Clear cell tumor of the lung (CCTL), a type of PEComa, usually presents as a singular, asymptomatic nodule. As they are often asymptomatic or present with non-specific symptoms, these tumors present a significant diagnostic dilemma. CCTLs are often detected in routine screenings, such as in the case of our patient, appearing as well-circumscribed “coin” lesions [5]. Due to their rich vascular stroma, they frequently demonstrate prominent enhancement on contrast-enhanced CT [5]. This appearance of a solitary pulmonary nodule is non-specific and can be seen in a wide variety of benign lesions as well as primary and metastatic malignancies. Due to the non-specific clinical and imaging features, pathological evaluation of these tumors is paramount in making the correct diagnosis. CCTLs are frequently misdiagnosed as pulmonary metastases of primary lung or renal clear cell carcinomas [6]. Despite the pathogenesis of these lesions being uncertain, the World Health Organization (WHO) has categorized these neoplasms as unique mesenchymal tumors composed of perivascular epithelioid cells. On routine hematoxylin and eosin (H&E) stains, these tumors demonstrate a “clear cell” appearance due to abundant intracytoplasmic glycogen [7], leading to them also being referred to as “sugar tumors” of the lungs. Mitoses are typically not present [7]. It is vital that these be differentiated from other, malignant clear cell neoplasms such as the clear cell variant of pulmonary adenocarcinoma and metastatic clear cell renal malignancy [8]. Immunohistochemical analysis permits this differentiation as CCTLs demonstrate the presence of melanosomes, perivascular myoid cell antibodies, and HMB-45 reactivity not seen in more aggressive clear cell neoplasms. All these findings were present in our case and are evidenced by literature to be of pericyte origin [9]. Supporting these findings, HMB-45 immunohistochemical positivity has proven to be one of the most reliable and distinctive CCTL diagnostic markers [10-15], although there have been rare documented CCTL lacking HMB-45 positivity [16]. CCTLs are negative for cytokeratin, chromogranin, CD10, and EMA, which help to distinguish them from malignant clear cell tumors (CCTs) [10-15]. Knowing this, our presented case serves to underscore the immunologic variability of this disease and the importance of considering several immunohistochemical markers such as MelanA when clear cell lesions are suspected [1]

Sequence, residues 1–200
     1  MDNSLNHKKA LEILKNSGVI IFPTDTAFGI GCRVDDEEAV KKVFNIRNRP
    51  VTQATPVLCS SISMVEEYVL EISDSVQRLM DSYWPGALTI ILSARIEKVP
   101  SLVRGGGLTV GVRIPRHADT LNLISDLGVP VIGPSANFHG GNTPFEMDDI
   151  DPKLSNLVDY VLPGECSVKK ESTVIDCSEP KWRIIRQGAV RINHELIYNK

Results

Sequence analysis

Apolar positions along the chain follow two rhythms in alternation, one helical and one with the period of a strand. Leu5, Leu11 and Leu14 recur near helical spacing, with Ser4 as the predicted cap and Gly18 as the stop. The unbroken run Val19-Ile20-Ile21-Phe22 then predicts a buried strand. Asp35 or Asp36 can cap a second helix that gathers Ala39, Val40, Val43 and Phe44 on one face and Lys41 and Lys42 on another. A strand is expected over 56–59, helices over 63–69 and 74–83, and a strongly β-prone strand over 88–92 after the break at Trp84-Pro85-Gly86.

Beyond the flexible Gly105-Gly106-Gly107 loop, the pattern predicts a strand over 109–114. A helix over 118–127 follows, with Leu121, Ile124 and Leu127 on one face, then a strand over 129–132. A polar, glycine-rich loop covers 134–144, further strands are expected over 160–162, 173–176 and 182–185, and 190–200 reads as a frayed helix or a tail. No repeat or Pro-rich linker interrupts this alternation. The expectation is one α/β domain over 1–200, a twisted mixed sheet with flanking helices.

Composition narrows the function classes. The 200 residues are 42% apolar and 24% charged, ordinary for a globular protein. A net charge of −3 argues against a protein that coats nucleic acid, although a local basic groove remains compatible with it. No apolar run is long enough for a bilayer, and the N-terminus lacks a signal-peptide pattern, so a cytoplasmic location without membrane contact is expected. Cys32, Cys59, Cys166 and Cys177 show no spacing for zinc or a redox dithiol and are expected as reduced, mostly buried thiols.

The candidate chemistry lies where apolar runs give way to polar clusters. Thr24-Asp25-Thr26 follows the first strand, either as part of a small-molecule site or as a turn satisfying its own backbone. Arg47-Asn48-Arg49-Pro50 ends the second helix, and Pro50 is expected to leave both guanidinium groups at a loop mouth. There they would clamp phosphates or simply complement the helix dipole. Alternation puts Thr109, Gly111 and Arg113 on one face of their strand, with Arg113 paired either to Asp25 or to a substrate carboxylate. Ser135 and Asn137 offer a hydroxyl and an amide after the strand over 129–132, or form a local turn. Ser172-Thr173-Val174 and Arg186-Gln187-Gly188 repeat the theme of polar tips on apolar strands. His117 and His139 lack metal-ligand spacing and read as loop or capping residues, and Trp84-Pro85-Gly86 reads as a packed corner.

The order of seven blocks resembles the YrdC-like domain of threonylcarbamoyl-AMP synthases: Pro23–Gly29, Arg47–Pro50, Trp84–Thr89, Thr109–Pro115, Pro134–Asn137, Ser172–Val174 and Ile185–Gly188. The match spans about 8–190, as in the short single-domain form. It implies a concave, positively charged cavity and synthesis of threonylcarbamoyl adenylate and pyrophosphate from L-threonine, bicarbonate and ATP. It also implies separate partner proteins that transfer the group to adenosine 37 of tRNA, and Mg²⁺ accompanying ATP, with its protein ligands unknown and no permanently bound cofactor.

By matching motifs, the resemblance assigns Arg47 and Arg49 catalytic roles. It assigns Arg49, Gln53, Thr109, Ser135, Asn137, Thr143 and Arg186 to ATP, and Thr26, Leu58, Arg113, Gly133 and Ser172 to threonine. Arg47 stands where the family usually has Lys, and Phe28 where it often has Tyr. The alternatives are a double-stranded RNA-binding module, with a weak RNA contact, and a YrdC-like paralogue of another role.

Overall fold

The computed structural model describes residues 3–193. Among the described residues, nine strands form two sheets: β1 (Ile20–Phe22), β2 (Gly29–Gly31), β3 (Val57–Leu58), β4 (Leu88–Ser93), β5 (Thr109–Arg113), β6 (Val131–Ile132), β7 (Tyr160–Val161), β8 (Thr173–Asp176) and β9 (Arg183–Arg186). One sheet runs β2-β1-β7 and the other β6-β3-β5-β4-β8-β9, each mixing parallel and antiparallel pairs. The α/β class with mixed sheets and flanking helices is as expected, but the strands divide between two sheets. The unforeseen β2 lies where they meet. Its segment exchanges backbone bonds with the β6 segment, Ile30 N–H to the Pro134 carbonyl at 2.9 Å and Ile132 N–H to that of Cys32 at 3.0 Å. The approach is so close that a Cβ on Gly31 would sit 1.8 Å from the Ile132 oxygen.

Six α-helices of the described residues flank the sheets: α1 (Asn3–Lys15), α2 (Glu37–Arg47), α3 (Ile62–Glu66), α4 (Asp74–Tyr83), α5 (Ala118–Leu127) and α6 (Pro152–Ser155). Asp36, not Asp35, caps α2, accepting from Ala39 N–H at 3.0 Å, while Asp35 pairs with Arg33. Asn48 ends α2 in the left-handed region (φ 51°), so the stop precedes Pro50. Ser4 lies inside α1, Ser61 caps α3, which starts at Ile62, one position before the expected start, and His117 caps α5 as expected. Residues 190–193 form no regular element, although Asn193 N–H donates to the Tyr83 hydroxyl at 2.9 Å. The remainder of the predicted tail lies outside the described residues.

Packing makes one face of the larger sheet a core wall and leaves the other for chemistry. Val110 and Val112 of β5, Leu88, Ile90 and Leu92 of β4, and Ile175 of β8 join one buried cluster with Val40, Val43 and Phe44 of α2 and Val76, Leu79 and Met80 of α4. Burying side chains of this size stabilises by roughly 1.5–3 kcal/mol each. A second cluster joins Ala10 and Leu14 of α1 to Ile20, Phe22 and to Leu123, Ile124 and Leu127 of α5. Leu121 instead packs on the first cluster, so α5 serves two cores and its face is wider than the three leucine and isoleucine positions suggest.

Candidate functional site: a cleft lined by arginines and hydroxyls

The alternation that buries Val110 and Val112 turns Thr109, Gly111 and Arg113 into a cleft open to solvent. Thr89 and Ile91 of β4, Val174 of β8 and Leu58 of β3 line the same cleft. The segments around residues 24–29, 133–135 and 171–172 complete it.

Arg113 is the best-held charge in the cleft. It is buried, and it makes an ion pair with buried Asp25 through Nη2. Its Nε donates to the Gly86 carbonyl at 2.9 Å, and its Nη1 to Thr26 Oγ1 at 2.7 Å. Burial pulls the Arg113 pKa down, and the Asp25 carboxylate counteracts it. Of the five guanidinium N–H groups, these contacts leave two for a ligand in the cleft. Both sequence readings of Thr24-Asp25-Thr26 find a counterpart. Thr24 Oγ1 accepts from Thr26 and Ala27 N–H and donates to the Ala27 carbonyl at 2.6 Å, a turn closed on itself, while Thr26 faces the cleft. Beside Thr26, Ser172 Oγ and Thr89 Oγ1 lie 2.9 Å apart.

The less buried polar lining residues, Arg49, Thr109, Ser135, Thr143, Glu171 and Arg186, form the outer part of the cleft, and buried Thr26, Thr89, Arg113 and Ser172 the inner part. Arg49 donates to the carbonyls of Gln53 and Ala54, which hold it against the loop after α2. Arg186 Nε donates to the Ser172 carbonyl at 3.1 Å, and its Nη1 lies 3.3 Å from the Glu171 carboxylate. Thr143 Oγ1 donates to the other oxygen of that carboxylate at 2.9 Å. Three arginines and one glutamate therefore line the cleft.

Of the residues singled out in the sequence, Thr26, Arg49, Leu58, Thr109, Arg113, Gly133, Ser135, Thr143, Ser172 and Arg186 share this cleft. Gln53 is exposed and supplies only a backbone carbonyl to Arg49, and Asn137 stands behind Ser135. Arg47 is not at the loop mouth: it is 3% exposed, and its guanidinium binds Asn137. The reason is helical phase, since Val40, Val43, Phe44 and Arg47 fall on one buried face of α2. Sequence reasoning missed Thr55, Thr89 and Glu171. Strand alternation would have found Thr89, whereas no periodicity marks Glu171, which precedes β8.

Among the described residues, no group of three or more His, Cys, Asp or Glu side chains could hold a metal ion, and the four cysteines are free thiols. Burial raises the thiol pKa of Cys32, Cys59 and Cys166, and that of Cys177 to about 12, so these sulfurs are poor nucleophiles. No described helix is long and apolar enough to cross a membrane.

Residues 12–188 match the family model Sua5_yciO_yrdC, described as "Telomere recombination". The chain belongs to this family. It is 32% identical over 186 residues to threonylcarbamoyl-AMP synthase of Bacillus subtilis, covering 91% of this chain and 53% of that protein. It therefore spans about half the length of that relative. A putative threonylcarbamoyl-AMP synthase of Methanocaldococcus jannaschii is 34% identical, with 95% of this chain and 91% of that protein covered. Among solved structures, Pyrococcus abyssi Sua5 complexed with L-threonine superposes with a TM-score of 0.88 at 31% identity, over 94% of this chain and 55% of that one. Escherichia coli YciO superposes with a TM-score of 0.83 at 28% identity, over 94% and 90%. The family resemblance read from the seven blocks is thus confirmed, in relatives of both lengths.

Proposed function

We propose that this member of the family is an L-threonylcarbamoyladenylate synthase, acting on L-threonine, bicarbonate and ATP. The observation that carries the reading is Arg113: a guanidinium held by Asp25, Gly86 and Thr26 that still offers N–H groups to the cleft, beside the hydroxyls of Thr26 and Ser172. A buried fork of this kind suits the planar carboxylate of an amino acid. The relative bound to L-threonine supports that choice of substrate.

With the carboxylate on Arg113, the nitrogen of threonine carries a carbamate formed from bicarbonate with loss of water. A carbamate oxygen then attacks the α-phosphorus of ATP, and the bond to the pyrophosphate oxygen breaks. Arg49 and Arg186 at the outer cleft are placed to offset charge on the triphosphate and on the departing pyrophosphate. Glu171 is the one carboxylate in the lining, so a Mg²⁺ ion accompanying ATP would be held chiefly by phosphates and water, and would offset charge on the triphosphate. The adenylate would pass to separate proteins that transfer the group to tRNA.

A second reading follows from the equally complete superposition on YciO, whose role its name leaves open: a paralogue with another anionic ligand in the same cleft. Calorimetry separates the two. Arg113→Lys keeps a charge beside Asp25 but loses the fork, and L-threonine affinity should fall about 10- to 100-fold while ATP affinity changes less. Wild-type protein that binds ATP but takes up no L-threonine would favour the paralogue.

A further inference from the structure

Despite the majority of the cases being benign, rare malignant instances of primary and metastatic CCTs have been reported [17], and in those cases, a long follow-up period is often suggested.